Canada grants UNICEF $1.4 million to support Iraqi youth transition to the labor market
In a statement received by Shafak News Agency, UNICEF indicated; The Government of Canada contributed an amount of $1.4 million to UNICEF to support nearly 1,500 young people in Iraq to generate educational and economic opportunities for comprehensive development and participation for a period of two years.
The statement pointed out that UNICEF will support the equal participation of girls in learning, skills development, employability and finding work, which will contribute to their empowerment and expand the options available to them as they transition into adulthood, and this program will support females and males through tailored interventions to move from learning to adulthood. Make a living in Baghdad, Anbar, and Basra.
“With nearly half of Iraq’s population under the age of nineteen, and with nearly a quarter of the population aged between 15 and 24 years old, Iraqi youth are the The backbone of social, economic and political transformation. Through this funding, UNICEF reaffirms its commitment to leaving no one behind, and promoting gender equality to support young people with opportunities that create a better future for themselves and their communities."
For his part, Gregory Galligan, Canada's ambassador to Iraq, said: "The prolonged conflict, the economic and social crises in Iraq, and the effects of the Corona pandemic, have severely affected young people. Given the presence of a large number of young people in Iraq, we believe that investing in Youth and enhancing their employability will facilitate their social and economic reintegration, enabling them to contribute to the country’s progress towards peace and prosperity.Canada is pleased to support this UNICEF initiative to enhance the economic and civic engagement of young, vulnerable and marginalized boys and girls in Iraq, and help them become agents of change in their lives and their communities,” according to the statement.
The statement added that “restrictions on learning, engagement and participation in the labor market multiply when girls experience and experience them. There are additional constraints and vulnerabilities for them such as conservative social norms, early marriage and pregnancy, domestic responsibilities, the threat of gender-based violence, fewer opportunities to attend school, and limited access to school. "Access to services to be financially independent, as well as legal barriers to the labor market and other economic freedoms. The ultimate goal of the project is for girls to act as innovators of egalitarian and empowered societies, propose and participate in designing and leading positive development, and serve as role models for other girls and boys."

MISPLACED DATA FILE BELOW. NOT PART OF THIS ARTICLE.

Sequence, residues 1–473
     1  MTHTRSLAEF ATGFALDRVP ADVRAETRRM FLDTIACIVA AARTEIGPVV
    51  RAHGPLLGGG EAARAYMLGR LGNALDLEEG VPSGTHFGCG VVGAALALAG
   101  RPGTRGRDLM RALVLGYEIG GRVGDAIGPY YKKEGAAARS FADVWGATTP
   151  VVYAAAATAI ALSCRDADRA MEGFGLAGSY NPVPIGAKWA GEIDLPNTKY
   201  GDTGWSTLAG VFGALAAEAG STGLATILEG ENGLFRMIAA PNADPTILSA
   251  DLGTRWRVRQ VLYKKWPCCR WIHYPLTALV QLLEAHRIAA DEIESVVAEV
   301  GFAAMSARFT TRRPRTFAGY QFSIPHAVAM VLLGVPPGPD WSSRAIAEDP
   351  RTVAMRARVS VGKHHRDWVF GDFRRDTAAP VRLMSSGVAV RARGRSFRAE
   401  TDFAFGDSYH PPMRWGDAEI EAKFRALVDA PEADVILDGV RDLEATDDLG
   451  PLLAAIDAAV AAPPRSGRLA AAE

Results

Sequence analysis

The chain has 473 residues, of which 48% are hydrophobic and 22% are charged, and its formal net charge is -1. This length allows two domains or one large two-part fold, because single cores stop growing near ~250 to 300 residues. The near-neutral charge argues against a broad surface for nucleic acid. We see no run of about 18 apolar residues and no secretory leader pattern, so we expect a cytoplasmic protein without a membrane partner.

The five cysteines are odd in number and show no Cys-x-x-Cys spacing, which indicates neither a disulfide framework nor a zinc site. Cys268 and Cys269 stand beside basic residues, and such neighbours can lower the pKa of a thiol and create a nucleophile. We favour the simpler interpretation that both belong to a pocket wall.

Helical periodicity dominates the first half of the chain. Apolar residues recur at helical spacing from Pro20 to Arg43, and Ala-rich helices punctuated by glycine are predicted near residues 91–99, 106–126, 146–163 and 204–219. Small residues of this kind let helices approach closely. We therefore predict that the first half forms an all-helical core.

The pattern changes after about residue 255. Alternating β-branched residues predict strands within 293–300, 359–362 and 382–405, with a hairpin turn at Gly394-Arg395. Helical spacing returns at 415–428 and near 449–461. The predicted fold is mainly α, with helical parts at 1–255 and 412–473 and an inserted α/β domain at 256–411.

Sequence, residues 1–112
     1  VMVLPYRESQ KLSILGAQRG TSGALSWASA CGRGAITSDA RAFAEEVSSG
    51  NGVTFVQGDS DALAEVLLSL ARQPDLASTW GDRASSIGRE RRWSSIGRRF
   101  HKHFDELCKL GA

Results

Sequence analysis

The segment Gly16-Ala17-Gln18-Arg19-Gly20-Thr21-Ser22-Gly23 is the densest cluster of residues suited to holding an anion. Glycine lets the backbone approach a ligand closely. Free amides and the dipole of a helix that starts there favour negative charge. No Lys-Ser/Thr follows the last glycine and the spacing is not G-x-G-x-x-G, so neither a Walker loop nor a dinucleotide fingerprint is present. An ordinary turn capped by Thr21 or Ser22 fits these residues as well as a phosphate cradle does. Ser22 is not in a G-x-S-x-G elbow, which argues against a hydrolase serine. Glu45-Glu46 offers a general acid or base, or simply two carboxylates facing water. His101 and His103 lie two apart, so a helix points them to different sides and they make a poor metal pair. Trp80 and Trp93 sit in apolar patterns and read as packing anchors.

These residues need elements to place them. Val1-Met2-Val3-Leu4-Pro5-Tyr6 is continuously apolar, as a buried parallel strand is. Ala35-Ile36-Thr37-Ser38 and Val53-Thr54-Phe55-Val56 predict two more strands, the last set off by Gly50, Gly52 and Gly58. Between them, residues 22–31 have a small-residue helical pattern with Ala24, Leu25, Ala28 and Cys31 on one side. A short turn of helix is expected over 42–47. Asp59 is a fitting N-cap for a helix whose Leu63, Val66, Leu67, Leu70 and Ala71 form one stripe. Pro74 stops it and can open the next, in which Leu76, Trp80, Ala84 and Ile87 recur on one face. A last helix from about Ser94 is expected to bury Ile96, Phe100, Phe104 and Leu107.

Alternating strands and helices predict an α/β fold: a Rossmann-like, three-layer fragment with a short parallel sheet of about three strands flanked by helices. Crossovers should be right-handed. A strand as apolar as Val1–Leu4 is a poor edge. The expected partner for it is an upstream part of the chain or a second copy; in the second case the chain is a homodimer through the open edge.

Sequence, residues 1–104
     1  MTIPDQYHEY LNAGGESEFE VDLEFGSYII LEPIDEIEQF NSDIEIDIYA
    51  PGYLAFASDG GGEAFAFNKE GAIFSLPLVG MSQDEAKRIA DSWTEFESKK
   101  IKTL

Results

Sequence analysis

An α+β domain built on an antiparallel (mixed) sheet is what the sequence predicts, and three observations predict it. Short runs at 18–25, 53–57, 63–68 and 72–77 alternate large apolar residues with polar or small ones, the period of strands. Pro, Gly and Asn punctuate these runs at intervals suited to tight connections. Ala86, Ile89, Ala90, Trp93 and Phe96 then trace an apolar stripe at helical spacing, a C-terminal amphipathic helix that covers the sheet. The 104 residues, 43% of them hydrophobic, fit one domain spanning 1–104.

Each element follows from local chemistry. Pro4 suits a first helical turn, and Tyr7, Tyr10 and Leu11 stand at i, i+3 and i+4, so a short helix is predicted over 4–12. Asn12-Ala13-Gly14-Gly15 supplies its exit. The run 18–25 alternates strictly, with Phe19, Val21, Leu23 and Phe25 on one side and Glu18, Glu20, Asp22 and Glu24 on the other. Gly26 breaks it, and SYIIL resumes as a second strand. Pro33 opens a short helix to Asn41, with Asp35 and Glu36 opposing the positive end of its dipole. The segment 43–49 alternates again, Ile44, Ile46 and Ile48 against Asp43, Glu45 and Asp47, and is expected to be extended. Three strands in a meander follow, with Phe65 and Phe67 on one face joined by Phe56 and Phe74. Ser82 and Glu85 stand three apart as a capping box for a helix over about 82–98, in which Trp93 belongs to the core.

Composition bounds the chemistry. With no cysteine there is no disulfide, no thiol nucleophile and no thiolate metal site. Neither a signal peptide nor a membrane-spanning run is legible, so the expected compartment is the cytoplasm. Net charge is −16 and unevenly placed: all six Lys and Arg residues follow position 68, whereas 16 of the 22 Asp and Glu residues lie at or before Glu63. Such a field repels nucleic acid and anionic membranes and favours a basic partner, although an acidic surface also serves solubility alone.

He stressed that "the project will be implemented through a life skills citizenship education framework that builds youth skills related to learning, employment, empowerment and active citizenship, while supporting innovative initiatives led by youth, and raising their voices to empower them to become agents of change within their communities."
The statement continued; In order to promote the project and ensure sustainability, UNICEF will provide technical assistance to government stakeholders, including the Ministry of Youth and Sports, the Ministry of Labor and Social Affairs, and their governorate directorates, to build their capacity on a gender-based approach, as well as concepts related to youth development and participation to deliver Effective Relationship Services for the Most Vulnerable Youth, Especially Girls.
The statement explained; With these funds, UNICEF and Canada aim to unlock the potential of young people in Iraq by accelerating progress in improving their learning and employability skills. The project will continue to encourage youth economically, personally and socially in order to increase learning and empower youth as a tool to ensure equality for all.”
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